Has your partner tried the no-knead method? I’d love to hear his opinion on if, for even a specific type of loaf, it can turn out bread as good as traditional methods. If you have the time to spare, of course.

The method works very well I think. It is just so against standard bread making methods that it always causes lots of discussion. I guess that is why it became such a sensation in the first place.

Hi cupcake,
A few years ago I bought a bread book called Inside the Jewish Bakery by Stanley Ginsburg and Norman Burg. Most of it is sweets, which do not interest me, but there was a recipe for rye bread that called for boiling water. I found this strange, and e-mailed Stanley Ginsburg to ask about it. Here is his answer:

The technique of adding boiling water to rye is called “scalding” and it
has the effect of increasing enzymatic activity in the rye, which
breaks some of the starches down into sugars, thereby increasing the
sweetness of the bread. It also increases the water absorbency of the
rye, making it less sticky and easier to handle.

I don’t know if the same applies to wheat doughs, but it may.

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He makes the most amazing no-knead bread every weekend - which he bakes in a round cast iron or le creuset pot. It can and does come out just as good - if not better - than the kneaded breads. Although - I love them all. Sometimes, he adds Kalamata olives (something we learned from a baker in Rome on one of our stays there) or rosemary. Both delicious!

…and so long as I am online, I always have the time to spare to talk about bread (as you can read in my post in “Let’s introduce ourselves” - it is one of my passions).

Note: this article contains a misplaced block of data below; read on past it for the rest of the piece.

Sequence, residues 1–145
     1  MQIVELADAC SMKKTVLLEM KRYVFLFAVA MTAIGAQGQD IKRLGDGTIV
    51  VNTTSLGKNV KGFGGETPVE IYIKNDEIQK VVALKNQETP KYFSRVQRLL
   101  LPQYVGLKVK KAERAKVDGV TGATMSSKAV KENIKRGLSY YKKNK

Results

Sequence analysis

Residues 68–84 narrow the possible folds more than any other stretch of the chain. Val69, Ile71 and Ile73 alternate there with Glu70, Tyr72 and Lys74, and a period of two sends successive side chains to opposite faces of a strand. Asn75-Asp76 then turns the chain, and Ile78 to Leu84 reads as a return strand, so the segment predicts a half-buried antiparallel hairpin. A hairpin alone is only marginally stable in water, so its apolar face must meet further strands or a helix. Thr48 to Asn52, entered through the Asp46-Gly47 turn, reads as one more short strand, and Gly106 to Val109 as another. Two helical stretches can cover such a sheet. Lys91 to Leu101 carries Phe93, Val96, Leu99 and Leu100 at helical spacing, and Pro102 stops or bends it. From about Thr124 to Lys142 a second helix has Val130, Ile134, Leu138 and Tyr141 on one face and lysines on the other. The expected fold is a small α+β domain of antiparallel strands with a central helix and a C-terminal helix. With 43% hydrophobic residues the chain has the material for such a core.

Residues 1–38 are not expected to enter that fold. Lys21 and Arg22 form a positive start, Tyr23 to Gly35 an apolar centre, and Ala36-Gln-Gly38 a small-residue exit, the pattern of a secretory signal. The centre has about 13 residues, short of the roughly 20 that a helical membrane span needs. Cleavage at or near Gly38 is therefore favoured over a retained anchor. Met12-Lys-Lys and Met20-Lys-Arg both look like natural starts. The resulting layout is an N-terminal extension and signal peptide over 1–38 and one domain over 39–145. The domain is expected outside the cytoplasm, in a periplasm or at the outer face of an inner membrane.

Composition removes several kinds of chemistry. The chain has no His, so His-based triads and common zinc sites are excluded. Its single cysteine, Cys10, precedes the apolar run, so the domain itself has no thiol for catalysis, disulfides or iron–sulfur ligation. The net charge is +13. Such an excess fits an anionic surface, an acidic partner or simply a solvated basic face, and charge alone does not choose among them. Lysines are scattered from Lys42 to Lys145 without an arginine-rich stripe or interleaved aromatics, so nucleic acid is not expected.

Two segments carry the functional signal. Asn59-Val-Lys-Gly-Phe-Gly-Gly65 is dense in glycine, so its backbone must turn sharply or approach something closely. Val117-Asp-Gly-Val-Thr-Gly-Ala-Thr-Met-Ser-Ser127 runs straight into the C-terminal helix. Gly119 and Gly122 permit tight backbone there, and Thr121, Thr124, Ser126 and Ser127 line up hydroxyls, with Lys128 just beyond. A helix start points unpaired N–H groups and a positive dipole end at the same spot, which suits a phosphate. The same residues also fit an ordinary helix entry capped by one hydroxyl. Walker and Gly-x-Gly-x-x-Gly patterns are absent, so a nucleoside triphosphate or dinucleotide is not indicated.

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Do you recall if that recipe was 100% rye flour?

You mean both “pure” cast iron and enameled cast iron?

Argh! That means I’ll have to revisit the issue. It’s the first time I’ve heard of a professional bread baker employing this method. Professional bread bakers I’ve had the pleasure of conversing with in real life weren’t so fond of it (or never heard of it.)

So, another question then: Why does he still make traditional kneaded breads with all those 10 stages when he can just use the no-knead method? Or maybe he doesn’t anymore. For some reason it seemed to me like he still kneads in his professional setting.

You’re gonna come to regret that offer, haha. Actually, a local bread baker very graciously helped me improve my brioche. Sometimes you just need to learn from a person.

There is no wheat in the recipe for Black Bread, just rye flour and rye meal. The recipe for Rustic Pumpernickel has some wheat flour added at a later stage, but the boiling water is only used with the rye.

It’s the first time I’ve heard of a professional bread baker employing this method - Two things : First, my husband is a CEO of a company who 10 years ago, took time off to go take a three month bread baking course at FCI in NYC to learn how to make bread and has been making it ever since for family and friends - it is a passion of his, but he only does it in his spare time - as a hobby - so I know there will be those who would not consider him a “professional” - even though I do. Second, it is odd for any bread baker (professional or not) not to have heard of no-knead - sourdough is a no-knead bread. Very popular. I guess bread baking is no different than any other profession - if you bring 5 bakers into a room - you will get 5 different opinions. That is how bread baking moves forward - so many opinions, so many options. If everyone were to agree - we’d still be eating flat bread.
"Why does he still make traditional kneaded breads…" - because he loves it - he loves making breads from all over the world, visiting bakeries in any town in any country we visit and find new ways to make breads (inventing).
You’re gonna come to regret that offer, haha - LOL - I doubt it.
Sometimes you just need to learn from a person - Absolutely - and I have - from my husband :smile:

“Food is a pretty good prism through which to view humanity.”

― Jonathan Gold